Skip to content
#Open journalism No news is bad news

Your contributions will help us continue to deliver the stories that are important to you

Support The Journal

New schools in jeopardy after Carillion collapse: 5 things to know in property this week

Plus planning documents are in for Amazon’s mammoth Dublin data centre.
Jan 18th 2018, 12:20 PM 1,409 0

THE WORLD OF property is a busy one, from new builds to construction rows. That’s why each week, we round up the most vital goings-on, so you can stay up to date.

From construction giant Carillion winding down to Amazon’s grand plans for a hub in Mulhuddart, here’s your week’s property news in five points…

1) Uncertainty for schools as Carillion winds down

Yui-Mok-Carillion-collapse Source: Yui Mok

The fall of one of the UK’s largest construction companies has left several Irish building projects unfinished. Carillion Construction was placed into liquidation last week, after talks with creditors failed to produce a solution to the company’s €1bn debt pile.

Carillion is involved in the building of several schools in Ireland, as well as the Carlow Institute of Further Education, and it is not known how the wind up will affect these projects. Carillion employs some 20,000 people in the UK alone.

2) Cork residents angered by fire safety evictions

google-maps-leeside Source: Google Maps

The tenants of Cork city’s Leeside apartments need not leave their homes due to fire safety works, an engineer’s report has concluded. Tenants have been battling the owners of the building on this issue for some time.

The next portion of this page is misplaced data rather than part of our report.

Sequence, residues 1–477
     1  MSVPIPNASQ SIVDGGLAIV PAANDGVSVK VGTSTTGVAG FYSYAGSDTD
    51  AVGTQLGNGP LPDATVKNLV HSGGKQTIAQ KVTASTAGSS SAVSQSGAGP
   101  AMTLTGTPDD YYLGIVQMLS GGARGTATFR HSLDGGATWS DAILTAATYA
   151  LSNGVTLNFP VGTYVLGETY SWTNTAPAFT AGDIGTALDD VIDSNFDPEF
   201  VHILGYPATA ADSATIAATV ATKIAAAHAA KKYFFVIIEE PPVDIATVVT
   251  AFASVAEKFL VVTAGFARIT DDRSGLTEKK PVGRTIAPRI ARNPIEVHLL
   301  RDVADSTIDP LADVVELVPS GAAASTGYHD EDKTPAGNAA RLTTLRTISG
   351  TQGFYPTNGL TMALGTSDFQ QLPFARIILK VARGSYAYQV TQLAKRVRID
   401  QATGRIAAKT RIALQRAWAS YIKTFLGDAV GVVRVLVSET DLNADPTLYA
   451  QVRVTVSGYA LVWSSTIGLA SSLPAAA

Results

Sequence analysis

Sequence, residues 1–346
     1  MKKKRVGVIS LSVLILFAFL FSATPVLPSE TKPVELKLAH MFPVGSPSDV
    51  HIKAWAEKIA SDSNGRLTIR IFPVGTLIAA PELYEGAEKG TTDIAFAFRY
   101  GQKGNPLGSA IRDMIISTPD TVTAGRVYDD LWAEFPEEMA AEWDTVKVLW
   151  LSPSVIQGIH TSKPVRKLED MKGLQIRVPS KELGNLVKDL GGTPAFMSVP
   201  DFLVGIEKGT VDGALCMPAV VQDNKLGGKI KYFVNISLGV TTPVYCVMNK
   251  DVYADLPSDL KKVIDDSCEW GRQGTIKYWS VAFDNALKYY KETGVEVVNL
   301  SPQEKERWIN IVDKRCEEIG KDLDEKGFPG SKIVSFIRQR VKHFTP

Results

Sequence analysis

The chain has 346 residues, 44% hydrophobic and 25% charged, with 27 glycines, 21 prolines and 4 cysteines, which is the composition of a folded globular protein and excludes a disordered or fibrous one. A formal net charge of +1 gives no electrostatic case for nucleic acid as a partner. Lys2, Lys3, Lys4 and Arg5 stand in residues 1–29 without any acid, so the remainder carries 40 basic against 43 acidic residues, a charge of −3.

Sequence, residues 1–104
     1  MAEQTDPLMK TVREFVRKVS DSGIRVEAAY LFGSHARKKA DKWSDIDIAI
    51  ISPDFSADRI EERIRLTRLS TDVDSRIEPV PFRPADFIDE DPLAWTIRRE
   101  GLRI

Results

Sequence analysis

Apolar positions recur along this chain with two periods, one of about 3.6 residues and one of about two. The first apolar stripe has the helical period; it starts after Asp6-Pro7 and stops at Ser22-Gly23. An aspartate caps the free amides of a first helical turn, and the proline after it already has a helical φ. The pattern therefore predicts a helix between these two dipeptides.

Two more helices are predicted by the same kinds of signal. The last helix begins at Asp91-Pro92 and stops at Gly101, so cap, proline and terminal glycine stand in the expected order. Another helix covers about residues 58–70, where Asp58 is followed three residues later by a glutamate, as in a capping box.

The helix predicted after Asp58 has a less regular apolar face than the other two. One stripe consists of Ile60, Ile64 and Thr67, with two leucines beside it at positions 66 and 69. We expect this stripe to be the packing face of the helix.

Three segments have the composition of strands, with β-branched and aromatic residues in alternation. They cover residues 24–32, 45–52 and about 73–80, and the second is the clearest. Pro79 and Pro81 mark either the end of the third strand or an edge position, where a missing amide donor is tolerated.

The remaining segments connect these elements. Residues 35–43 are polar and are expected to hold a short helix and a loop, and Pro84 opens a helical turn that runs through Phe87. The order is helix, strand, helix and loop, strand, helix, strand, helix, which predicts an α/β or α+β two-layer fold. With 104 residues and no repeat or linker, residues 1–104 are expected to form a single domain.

The report deemed the fire safety works both necessary and urgent, but also stated that the tenants can stay in their homes while the work is done, contrary to the eviction notices given to the tenants in December.

3) Amazon’s Dublin data centre could be three times larger than Aviva Stadium

PA-images-amazon Source: DPA/PA images

Amazon submitted planning documents for its new data facility recently, which it hopes to build in Mulhuddart in north-west Dublin. The proposed facility would span 20,739 sq m/223,000 sq ft, and at peak times, it could use as much electricity as a small city.

An Bord Pleanála has received pleas for the tech giant’s approval to be overturned, though Amazon have stated their commitment to powering their infrastructure with renewable energy.

4) How many homes were built in 2017? The Government isn’t sure…

15/1/2018 Constructions Sites Source: Eamonn Farrell/

Speaking on Monday, the Minister for Housing Eoghan Murphy was unable to conclusively state how many homes were built in Ireland last year. However, he did say that the government has numbers for the number of new build commencements, planning permissions granted and the number of social housing units built.

Murphy said that he hoped to see the final number of homes built by the second quarter of this year, and predicts the figures will exceed targets.

5) …but we do know that 76% of social housing came from private rentals

Sasko Source: Sasko Lazarov/

The government has come in for strong criticism this week after numbers from the 2017 housing report revealed that more than three-quarters of Ireland’s social housing came from the private sector last year.

Eoin Ó Broin, Sinn Féin’s housing spokesperson, said that this was indicative of the government “shoring up a whole range of problems for the future.” Last year, just 2,245 units of social housing were built, falling below government targets.

And finally, this week’s property buzzword…

We’re breaking down the complicated world of property jargon, one buzzword at a time. This week, it’s Buy to Let -  when a property is purchased or built for the specific purpose of letting to somebody else. 

Want more of these articles? Get our weekly property magazine emailed to you

Send a tip to the author

Áine O'Connell


This is YOUR comments community. Stay civil, stay constructive, stay on topic. Please familiarise yourself with our comments policy here before taking part.
write a comment

    Leave a comment

    cancel reply
    Back to top